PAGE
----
Sir Win Bischoff, Chair, Financial Reporting Council gave the keynote address at the Governance Institute of Australia’s National Conference earlier this month. In his introduction he noted that he would be stepping down in October after some five and a half years.

Addressing the audit market, he said: “The new UK Corporate Governance Code is shorter and sharper than its predecessors, a practical objective I set our management. It places emphasis on Boards taking account of the interests of all key stakeholders. In doing so it emphasises the importance of long-term value creation and a culture that supports that longer-term vision. The Code requires Boards to decide what type of behaviours and culture they wish to promote in order to deliver their business strategy. Since behaviours and values must run through the whole organisation, that requires advocacy and monitoring.”

Looking to the future of audit regulation in the UK, Sir Win noted that: “A number of stakeholders suggested to the Kingman Review that there is a case for introducing in the UK something similar to, the Sarbanes-Oxley (SOX) regime in the US specifically relating to internal controls. I might call it SOX-light. This would provide assurance around internal controls. The pros and cons of such a regime should at least be considered, and then consulted upon, paying special attention to proportionality. Transparency is another theme in Sir John’s review. He recommended more transparency in our annual audit quality and corporate reporting review findings of the largest audit firms in the UK; and a timely and transparent complaints resolution.”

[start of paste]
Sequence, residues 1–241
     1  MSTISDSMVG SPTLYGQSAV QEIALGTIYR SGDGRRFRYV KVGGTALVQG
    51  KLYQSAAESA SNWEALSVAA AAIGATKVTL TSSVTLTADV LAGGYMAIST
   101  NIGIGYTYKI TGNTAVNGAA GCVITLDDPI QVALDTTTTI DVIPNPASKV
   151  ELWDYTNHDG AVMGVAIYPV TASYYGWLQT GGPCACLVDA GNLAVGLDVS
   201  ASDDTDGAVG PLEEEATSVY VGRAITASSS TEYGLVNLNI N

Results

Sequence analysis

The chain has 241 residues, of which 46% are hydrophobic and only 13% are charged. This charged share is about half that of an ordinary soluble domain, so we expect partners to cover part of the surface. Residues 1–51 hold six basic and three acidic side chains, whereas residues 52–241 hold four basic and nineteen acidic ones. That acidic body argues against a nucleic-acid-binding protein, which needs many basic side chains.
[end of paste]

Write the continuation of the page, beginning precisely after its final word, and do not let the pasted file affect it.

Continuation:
Sir Win went on to compare UK and Australian experiences, saying that the conclusions reached by Commissioner Kenneth Hayne’s Royal Commission review in Australia were broadly in line with those in the UK. Sir Win said: “Commissioner Hayne declared that the responsibility for corporate conduct (and misconduct) lies with the board, and that this must have consequences for the board’s role, priorities and accountability. He expressed a clear expectation that the board will challenge management and ensure accountability… As a side comment, while auditors are blamed in many quarters for the failure of companies, the prime responsibility must lie with a company’s board of directors and its management. Yes, auditors need to be more sceptical and consistent, but theirs is likely to be a contributory rather than prime factor in any corporate failure. Let me hasten to add that this does not excuse auditors’ shortcomings!”